To be included in the review, a study had to: (1) involve either stroke survivors or persons with CP, (2) assess process or type of learning after an intervention with motor learning principles, (3) be applicable for rehabilitation, (4) use outcome measures relevant for motor control, (5) focus on the upper extremity, (6) be written in or translated to English. Studies were excluded from the review if the study: (1) did not focus on human subjects, (2) used only clinical outcome measures, (3) included an intervention of virtual reality, transcranial magnetic stimulation or of electric muscle stimulation.
Titles and abstracts of retrieved records were merged into one database on the reference management software, and duplicates were removed.
Titles and potential abstracts were screened independently by two researchers (First and last authors). Titles that contained any of the exclusion criteria were excluded based on title only. Relevant full text articles and full texts of abstracts that were inconclusive regarding their relevancy were assessed, and studies that did not correspond with the inclusion criteria were excluded. Fitting articles were also extracted from reviews relevant to the topic and from full text article references. Data regarding studies' designs was extracted. All study designs of any methodological quality were included. Due to our objective to perform a comprehensive data collection of the various parameters and measures, we did not factor the strength of experimental evidence provided by the studies. In addition to studies that examined the efficacy of an intervention, we included studies that explored the feasibility of tools, hypotheses regarding mechanisms of learning and recovery and the implementation of mathematical models. In such studies, assessment of the methodological quality would yield no benefit, due to their different objectives. A narrative synthesis of the literature was performed.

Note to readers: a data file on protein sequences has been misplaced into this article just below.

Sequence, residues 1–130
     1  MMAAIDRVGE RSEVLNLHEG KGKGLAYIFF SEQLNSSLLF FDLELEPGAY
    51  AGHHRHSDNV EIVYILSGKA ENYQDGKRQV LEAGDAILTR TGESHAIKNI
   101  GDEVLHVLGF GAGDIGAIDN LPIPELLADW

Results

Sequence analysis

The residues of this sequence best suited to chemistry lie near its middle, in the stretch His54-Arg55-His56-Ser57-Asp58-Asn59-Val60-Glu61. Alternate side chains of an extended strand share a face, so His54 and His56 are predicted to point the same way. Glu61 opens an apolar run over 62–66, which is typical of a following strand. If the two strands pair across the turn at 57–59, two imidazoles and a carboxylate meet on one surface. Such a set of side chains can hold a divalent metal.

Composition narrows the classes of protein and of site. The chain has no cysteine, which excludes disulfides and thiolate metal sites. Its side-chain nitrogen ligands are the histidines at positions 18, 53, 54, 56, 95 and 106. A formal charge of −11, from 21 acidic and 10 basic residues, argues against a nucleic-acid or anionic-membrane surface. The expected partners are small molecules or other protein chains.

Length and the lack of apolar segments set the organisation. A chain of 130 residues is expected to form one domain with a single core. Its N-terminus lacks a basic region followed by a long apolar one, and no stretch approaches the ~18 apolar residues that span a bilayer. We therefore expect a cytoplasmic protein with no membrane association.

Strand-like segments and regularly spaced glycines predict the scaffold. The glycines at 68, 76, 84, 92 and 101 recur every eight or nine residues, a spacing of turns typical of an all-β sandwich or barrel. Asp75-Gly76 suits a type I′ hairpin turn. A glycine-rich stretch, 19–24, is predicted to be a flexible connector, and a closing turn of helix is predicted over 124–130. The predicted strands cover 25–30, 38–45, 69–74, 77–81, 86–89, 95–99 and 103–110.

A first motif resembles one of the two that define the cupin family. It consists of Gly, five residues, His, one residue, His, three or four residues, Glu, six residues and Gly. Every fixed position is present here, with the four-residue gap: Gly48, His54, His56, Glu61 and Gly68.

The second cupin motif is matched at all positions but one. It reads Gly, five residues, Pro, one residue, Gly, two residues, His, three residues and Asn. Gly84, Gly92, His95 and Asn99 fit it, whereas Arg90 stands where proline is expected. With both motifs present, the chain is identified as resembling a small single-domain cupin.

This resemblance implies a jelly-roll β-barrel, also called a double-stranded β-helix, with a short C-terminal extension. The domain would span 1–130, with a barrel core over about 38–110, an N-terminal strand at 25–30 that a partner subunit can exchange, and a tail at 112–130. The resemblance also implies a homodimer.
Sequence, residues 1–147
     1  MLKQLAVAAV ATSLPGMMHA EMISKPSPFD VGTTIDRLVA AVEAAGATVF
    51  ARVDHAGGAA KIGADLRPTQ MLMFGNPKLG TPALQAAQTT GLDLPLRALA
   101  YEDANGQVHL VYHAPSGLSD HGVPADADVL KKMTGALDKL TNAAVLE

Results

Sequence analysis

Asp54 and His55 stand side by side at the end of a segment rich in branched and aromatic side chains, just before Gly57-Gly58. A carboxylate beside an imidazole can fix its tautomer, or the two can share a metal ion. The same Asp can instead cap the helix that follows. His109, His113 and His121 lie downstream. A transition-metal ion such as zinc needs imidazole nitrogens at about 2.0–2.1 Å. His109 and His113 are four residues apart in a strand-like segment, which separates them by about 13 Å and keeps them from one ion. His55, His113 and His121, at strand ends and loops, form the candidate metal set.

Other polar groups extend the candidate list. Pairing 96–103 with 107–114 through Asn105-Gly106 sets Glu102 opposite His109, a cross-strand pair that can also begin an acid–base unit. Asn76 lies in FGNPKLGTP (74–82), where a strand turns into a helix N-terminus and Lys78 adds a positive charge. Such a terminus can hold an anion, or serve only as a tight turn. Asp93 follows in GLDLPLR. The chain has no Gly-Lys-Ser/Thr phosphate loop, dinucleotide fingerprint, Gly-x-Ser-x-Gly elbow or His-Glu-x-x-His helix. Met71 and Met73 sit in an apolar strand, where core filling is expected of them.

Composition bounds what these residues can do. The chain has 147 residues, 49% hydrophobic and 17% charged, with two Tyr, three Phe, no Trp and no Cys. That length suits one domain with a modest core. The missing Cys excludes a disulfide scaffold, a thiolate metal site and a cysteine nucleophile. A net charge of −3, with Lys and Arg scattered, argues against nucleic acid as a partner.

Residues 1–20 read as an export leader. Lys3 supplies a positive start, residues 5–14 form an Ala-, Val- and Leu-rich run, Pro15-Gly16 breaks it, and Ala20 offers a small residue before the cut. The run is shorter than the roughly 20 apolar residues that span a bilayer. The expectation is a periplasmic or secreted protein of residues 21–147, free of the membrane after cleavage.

Data Collection and Synthesis